What is the difference between a hero and a saint? I’m going to suggest five differences.
To start with, the hero steps up and makes everything turn out right. In other words, the hero is always at the centre of the story. By contrast, the saint may be almost invisible, quickly forgotten. The hero’s story is always about the hero. The saint is always at the periphery of a story that is always really about God.
Next, the hero’s story is always told to celebrate the virtues of the hero. The hero’s strength, courage, wisdom, or great timing: these are the qualities on which the hero’s decisive intervention rests. By contrast the saint may not be strong, brave, clever or opportunistic. But the saint is faithful. The story of the hero is told to rejoice in valour. The story of the saint is told to celebrate faith.
Third, the saints’ story does not presuppose scarcity; it does not require the perpetuation of violence. Whereas the icon of heroism is the soldier, the icon of sanctity is the martyr. The soldier faces death in battle; the martyr faces death by not going to battle. The soldier’s heroism is its own reward. The martyr’s sanctity makes no sense unless rewarded by God.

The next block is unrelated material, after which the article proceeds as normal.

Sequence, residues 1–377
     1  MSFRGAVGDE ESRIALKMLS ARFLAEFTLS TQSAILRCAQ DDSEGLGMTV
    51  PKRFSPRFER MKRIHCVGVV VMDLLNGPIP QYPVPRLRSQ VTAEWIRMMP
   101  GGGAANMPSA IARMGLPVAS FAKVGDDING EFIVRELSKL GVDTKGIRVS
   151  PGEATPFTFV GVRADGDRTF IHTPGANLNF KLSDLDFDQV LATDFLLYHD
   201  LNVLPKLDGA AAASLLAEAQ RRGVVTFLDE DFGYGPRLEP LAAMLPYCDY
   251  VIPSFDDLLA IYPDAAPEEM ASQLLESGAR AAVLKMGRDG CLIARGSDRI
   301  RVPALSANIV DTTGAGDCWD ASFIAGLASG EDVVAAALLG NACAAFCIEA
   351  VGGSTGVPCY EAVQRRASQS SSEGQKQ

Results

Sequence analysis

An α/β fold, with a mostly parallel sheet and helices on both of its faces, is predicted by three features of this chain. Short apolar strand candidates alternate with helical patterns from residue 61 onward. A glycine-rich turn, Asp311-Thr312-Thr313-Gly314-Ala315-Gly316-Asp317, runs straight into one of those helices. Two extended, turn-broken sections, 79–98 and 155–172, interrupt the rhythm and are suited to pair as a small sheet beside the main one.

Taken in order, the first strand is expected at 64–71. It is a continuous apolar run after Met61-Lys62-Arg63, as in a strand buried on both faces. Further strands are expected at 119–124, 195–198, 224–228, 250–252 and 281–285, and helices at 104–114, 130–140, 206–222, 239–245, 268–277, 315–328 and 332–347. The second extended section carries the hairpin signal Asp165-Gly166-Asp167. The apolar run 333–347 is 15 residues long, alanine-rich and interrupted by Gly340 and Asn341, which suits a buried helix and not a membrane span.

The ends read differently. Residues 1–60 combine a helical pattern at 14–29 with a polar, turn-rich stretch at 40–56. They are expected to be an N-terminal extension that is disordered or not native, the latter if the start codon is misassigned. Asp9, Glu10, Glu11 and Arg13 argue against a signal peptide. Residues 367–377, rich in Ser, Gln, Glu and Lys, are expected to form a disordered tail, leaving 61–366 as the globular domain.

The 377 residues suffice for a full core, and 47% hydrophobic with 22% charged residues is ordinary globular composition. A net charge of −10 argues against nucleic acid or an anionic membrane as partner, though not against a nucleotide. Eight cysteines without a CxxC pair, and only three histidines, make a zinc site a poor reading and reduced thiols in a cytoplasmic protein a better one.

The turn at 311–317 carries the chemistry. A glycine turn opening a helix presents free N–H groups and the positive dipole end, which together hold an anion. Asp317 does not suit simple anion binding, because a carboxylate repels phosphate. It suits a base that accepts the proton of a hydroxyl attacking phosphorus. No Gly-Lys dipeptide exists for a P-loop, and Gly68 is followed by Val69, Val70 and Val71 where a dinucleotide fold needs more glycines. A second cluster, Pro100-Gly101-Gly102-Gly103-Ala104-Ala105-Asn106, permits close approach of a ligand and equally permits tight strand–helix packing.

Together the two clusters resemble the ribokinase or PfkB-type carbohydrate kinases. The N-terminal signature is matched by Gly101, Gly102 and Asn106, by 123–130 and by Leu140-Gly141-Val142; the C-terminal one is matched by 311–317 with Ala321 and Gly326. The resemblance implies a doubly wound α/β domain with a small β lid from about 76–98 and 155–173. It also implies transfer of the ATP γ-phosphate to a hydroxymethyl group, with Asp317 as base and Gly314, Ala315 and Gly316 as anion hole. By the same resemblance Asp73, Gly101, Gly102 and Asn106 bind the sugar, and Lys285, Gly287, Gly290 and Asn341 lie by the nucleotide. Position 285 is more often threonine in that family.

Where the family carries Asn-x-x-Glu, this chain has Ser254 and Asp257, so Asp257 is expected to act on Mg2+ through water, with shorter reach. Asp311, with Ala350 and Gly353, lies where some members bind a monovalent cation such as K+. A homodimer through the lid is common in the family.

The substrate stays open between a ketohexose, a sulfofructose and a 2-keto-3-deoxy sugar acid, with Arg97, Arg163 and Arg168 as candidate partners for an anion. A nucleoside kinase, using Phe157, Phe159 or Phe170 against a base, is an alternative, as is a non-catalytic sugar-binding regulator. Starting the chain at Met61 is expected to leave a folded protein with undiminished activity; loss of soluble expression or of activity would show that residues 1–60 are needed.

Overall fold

Fourth, if the hero makes a mistake, it is a disaster. By contrast the saint expects to fail. A hero fears failure, flees mistakes, and knows no repentance: the saint knows there is a crack in everything – that’s how the light gets in.
And finally, the hero stands alone against the world. The story of the hero shows how he or she stands out from their community. Yet of the 64 references to saints in the New Testament, every single one is in the plural. Saints are never alone. Heroes have learnt to depend on themselves: saints learn to depend on God and on the community of faith. The Church is God’s new language, and it speaks not of a country fit for heroes to live in but of a commonwealth of saints.
Revd Dr Sam Wells